The child’s celiac disease status at data collection was classified as ‘undetected celiac disease’ if the analyses showed a biopsy fulfilling the celiac disease criteria, i.e. the child received the diagnosis through the screening. To be classified as having ‘diagnosed celiac disease’ the parental report was confirmed with a diagnosis fulfilling also our criteria. Children with normal serological markers were classified as ‘without celiac disease’. In case of elevated serological markers in the screening but without biopsy-verified diagnosis (Marsh 0, Marsh I-II without other requirements, or small intestinal biopsy not performed) children were classified as having ‘potential celiac disease’.

A total of 13 279 (72%) parents and children gave informed consent to participate, and 12 419 (68%) children provided both blood samples and questionnaire data and were included in the current study (Figure 1). The study was approved by the Regional Ethical Review Board at Umeå University.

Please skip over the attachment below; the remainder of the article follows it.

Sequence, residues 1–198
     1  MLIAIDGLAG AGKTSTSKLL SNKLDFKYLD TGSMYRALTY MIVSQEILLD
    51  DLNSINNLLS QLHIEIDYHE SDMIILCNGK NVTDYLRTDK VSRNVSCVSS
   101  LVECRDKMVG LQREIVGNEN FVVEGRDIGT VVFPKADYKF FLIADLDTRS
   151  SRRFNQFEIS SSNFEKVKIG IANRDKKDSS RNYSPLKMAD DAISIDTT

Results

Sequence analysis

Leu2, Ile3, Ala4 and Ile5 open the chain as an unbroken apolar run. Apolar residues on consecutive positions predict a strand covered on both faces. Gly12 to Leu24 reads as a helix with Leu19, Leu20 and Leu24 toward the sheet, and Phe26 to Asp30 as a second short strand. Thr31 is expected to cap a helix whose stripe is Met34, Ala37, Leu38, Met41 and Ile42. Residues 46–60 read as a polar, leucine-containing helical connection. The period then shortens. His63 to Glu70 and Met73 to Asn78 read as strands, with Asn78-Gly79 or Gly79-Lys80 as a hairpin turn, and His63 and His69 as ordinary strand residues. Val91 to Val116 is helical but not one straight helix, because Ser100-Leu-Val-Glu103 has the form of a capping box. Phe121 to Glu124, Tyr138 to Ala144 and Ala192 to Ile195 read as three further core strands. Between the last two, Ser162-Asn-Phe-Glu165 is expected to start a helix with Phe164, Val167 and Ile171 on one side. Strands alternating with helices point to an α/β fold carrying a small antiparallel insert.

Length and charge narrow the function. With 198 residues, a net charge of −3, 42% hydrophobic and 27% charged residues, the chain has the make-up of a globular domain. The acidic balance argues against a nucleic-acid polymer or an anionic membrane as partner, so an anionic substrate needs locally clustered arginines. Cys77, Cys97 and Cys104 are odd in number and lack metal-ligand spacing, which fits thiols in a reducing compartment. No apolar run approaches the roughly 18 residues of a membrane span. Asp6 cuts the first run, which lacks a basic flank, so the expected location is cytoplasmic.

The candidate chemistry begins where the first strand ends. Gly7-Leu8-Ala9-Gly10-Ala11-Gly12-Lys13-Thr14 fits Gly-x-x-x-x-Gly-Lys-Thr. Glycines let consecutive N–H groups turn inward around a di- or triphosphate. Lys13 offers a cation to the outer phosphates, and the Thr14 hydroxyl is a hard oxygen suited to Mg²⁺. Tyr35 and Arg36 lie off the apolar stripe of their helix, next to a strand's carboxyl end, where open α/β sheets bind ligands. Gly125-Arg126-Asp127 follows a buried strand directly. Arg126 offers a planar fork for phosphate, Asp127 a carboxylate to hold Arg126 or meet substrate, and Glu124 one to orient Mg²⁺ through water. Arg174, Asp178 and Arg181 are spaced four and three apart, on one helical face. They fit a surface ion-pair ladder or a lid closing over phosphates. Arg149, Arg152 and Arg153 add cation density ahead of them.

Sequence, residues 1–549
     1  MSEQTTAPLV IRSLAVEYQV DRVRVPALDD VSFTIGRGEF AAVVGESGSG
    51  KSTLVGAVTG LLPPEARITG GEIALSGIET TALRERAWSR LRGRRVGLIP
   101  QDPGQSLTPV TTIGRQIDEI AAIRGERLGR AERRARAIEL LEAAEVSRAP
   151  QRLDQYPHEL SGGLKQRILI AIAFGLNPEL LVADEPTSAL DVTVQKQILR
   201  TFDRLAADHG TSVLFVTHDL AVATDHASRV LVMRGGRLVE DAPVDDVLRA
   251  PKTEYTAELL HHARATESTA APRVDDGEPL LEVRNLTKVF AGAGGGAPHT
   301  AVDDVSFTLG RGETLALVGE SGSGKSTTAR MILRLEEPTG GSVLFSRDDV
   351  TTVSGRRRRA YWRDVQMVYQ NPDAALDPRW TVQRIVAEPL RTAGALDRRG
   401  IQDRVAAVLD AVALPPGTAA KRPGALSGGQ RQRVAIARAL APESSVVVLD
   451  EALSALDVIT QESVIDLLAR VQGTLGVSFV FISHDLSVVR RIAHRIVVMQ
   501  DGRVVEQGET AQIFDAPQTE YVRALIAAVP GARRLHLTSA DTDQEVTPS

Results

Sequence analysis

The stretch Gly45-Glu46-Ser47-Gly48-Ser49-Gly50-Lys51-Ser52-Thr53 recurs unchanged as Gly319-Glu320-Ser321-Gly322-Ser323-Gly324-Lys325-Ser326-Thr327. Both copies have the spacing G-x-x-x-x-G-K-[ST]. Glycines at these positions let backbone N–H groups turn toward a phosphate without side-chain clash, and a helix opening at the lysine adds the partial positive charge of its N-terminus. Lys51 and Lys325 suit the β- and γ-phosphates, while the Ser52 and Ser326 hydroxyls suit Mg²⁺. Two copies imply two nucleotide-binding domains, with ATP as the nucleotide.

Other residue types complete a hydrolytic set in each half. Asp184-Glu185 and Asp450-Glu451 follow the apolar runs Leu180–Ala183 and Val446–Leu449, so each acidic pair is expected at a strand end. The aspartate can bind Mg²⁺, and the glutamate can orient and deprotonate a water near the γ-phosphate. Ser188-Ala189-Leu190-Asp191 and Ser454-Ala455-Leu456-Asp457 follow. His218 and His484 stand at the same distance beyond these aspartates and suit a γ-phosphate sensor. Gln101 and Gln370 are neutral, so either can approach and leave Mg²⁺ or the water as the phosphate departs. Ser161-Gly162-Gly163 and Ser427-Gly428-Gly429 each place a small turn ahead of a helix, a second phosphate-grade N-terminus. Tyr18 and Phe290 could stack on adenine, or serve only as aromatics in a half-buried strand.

thumbnailFigure 1. Participants in the study. The number of participating children with both a blood sample available for analyses of celiac disease (CD) serological markers, and a returned questionnaire (shaded grey). Included children are further divided into groups according to their CD status; undetected CD later receiving the diagnosis through the screening, potential CD i.e. elevated serological markers in the screening but without biopsy-verified diagnosis, diagnosed CD prior to the study treated with gluten-free diet, and children without CD. Three groups are included in the analyses (bold line).

Measures

Questionnaire